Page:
1 N. Copernicus Astronomical Center,
Rabiańska 8, 87-100 Toruń, Poland
2 Key Laboratory for the Structure and Evolution of Celestial Objects, Yunnan Observatories, Chinese Academy of Sciences, PO Box 110, Kunming, Yunnan Province, PR China
3 Observatorio Astronómico Nacional. Ap 112, 28803 Alcalá de Henares, Spain
4 Observatorio Astronómico Nacional (IGN), Alfonso XII N ◦ 3, 28014 Madrid, Spain
5 ICMM, CSIC, group of Molecular Astrophysics, C/Sor Juana Inés de la Cruz N3, 28049 Cantoblanco, Madrid, Spain
6 Instituut voor Sterrenkunde, Katholieke Universiteit Leuven, Celestijnenlaan 200D, 3001 Leuven, Belgium
7 Sterrenkundig Instituut Anton Pannekoek, University of Amsterdam, Science Park 904, 1098 Amsterdam, The Netherlands
8 Chalmers University of Technology, Department of Earth and Space Sciences, Onsala Space Observatory, 439 92 Onsala, Sweden
9 European Space Astronomy Centre, ESA, PO Box 78, 28691 Villanueva de la Cañada, Madrid, Spain
10 Max-Planck-Institut für Radioastronomie, Auf dem Hügel 69, 53121 Bonn, Germany
11 Johns Hopkins Universtity, Baltimore, MD 21218, USA
12 Department of Astronomy, AlbaNova University Center, Stockholm University, 10691 Stockholm, Sweden
13 Ural Federal University, Astronomical Observatory, 620000 Ekaterinburg, Russian Federation
Accepted: 23 May 2016
Context. A discrepancy exists between the abundance of ammonia (NH3) derived previously for the circumstellar envelope (CSE) of IRC+10216 from far-IR submillimeter rotational lines and that inferred from radio inversion or mid-infrared (MIR) absorption transitions.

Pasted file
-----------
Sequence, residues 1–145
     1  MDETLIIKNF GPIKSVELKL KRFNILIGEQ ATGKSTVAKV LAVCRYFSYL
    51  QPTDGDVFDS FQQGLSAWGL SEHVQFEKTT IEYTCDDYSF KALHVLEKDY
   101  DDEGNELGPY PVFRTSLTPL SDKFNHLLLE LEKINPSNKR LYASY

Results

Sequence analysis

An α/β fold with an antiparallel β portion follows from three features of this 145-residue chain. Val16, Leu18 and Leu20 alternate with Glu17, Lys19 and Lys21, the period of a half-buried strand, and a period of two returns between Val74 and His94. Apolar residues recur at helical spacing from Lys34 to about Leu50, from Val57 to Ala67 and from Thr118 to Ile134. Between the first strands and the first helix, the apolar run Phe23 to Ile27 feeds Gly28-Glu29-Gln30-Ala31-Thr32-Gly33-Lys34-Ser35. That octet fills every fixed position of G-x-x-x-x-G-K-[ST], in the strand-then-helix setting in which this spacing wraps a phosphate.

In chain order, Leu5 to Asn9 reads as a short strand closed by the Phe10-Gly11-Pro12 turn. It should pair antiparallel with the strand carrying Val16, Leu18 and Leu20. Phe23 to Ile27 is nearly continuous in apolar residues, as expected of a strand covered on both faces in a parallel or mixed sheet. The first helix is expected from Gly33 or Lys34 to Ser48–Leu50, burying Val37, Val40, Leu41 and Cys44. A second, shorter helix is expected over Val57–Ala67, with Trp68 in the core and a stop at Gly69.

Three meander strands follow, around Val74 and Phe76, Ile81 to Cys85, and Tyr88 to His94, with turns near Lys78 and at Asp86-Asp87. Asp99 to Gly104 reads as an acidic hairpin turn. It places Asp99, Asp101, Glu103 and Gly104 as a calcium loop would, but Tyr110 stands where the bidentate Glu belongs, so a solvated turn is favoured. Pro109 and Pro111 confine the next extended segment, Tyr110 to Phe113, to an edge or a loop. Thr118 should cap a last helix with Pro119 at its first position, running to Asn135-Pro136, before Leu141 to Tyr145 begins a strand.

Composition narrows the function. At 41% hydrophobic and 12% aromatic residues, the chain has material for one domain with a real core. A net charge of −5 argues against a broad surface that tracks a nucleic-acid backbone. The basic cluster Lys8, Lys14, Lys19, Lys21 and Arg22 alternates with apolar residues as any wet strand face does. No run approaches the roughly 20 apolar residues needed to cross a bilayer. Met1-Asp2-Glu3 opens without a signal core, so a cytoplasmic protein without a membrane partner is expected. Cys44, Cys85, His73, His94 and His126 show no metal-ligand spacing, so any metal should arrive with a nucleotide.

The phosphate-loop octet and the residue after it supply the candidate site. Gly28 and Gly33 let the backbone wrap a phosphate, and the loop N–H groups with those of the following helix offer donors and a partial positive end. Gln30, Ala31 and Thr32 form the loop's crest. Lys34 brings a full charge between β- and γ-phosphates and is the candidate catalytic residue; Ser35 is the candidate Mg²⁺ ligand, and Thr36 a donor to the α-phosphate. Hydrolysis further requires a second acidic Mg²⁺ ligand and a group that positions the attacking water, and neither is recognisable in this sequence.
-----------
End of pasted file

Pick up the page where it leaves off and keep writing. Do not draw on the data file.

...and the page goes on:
Aims. To address the discrepancy described above, new high-resolution far-infrared (FIR) observations of both ortho- and para-NH3 transitions toward IRC+10216 were obtained with Herschel, with the goal of determining the ammonia abundance and constraining the distribution of NH3 in the envelope of IRC+10216.
Methods. We used the Heterodyne Instrument for the Far Infrared (HIFI) on board Herschel to observe all rotational transitions up to the J = 3 level (three ortho- and six para-NH3 lines). We conducted non-LTE multilevel radiative transfer modelling, including the effects of near-infrared (NIR) radiative pumping through vibrational transitions. The computed emission line profiles are compared with the new HIFI data, the radio inversion transitions, and the MIR absorption lines in the ν2 band taken from the literature.
Results. We found that NIR pumping is of key importance for understanding the excitation of rotational levels of NH3. The derived NH3 abundances relative to molecular hydrogen were (2.8 ± 0.5) × 10-8 for ortho-NH3 and (3.2 -0.6+0.7) × 10 -8 for para-NH3, consistent with an ortho/para ratio of 1. These values are in a rough agreement with abundances derived from the inversion transitions, as well as with the total abundance of NH3 inferred from the MIR absorption lines. To explain the observed rotational transitions, ammonia must be formed near to the central star at a radius close to the end of the wind acceleration region, but no larger than about 20 stellar radii (1σ confidence level).
Key words: stars: AGB and post-AGB / circumstellar matter / stars: carbon / stars: individual: IRC+10216
Herschel is an ESA space observatory with science instruments provided by European-led Principal Investigator consortia and with important participation from NASA. HIFI is the Herschel Heterodyne Instrument for the Far Infrared.
The reduced spectra (FITS files) are only available at the CDS via anonymous ftp to cdsarc.u-strasbg.fr (184.108.40.206) or via http://cdsarc.u-strasbg.fr/viz-bin/qcat?J/A+A/592/A131
© ESO, 2016